The process to regulate medicinal cannabis begins in Costa Rica

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The previous week a meeting with representatives of the Ministry of Health, the Costa Rican Pro Cannabis Medicinal Foundation (FUCOCAME),  the Costa Rican Association for the Study and Intervention in Drugs (ACEID) and  to initiate the corresponding studies to regulate medicinal cannabis in Costa Rica .

The aim of the consultative initiative is to put the needs of patients first, before commercial profits, according to the consultations carried out by MCN.

“What we are doing is promoting a flexible and comprehensive regulation where there is participation of several sectors. National and international organizations have been consulted. We want the participation of patients to be pushed forward, “said Ernesto Cortés, director of ACEID.

One of the most important problems at present has to do with costs, since according to Mauricio Liscano, director of FUCOCAME, the majority of people seeking cannabis extracts do not have the resources to access them.

In this line, one of the main tasks of the commission created by the Minister of Health, Giselle Amador, aims to ensure compassionate access, that is, to guarantee access. The idea is that different forms of production and access can be given, on a large and small scale, according to the interviewees.

“FUCOCAME has been invited and is there to ensure access to medicine for patients and educate about cannabinoids, uses and medicines. It is very important that Costa Rica does not become an extension of the US or Canadian market. The important thing is that it be produced locally, “said Mauricio Liscano.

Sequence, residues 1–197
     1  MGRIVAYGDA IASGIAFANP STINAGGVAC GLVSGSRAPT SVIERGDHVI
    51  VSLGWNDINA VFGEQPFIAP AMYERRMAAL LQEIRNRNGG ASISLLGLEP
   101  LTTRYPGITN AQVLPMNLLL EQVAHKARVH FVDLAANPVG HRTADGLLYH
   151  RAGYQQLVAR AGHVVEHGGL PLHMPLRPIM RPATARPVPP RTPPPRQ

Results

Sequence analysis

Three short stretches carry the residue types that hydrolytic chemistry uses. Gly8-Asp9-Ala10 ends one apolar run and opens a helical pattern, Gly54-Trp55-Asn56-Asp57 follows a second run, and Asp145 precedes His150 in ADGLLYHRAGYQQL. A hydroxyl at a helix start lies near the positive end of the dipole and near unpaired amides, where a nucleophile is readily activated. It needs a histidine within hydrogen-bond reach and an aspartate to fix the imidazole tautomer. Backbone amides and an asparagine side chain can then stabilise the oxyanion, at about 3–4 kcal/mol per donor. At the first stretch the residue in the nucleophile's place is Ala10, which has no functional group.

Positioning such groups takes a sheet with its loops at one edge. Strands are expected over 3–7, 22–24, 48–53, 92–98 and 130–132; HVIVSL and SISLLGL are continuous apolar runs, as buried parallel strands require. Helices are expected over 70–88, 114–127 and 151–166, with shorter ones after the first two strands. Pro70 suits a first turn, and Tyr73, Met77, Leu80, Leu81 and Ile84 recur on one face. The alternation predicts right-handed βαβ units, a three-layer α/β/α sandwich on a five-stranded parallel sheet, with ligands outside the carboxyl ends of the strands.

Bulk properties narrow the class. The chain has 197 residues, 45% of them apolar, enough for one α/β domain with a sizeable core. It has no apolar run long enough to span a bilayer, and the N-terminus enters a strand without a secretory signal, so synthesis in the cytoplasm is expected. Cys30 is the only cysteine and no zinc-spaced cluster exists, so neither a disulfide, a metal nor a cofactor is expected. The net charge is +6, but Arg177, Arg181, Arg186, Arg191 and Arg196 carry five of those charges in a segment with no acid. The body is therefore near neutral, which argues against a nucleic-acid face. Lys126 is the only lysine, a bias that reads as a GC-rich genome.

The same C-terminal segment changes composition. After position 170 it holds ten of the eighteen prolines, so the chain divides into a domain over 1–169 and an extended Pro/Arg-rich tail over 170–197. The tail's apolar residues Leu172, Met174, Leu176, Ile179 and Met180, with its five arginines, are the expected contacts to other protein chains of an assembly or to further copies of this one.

Ministry of Health tied hands

Although there are already providers in the country exclusively dedicated to helping patients, the Ministry of Health can not count on them, because of the interference of the Psychotropic Law that penalizes the commercial chain.

This leaves out some proposals such as “caregivers” who are responsible for planting, or provide some medicine in some way patients, also dispensaries.

To allow a commercial model, the ministry would require a law that eliminates the current prohibition. The law 19256 presented in 2014 and that sought to regulate the sale and dispensing of medicinal cannabis and industrial hemp was held back in the commission of legal affairs during the Solís Rivera administration. At the moment, this is not a viable option.

The Minister of Health, Giselle Amador, told MCN that the issue is still under study and there is no specific date on which the regulations will be delivered.

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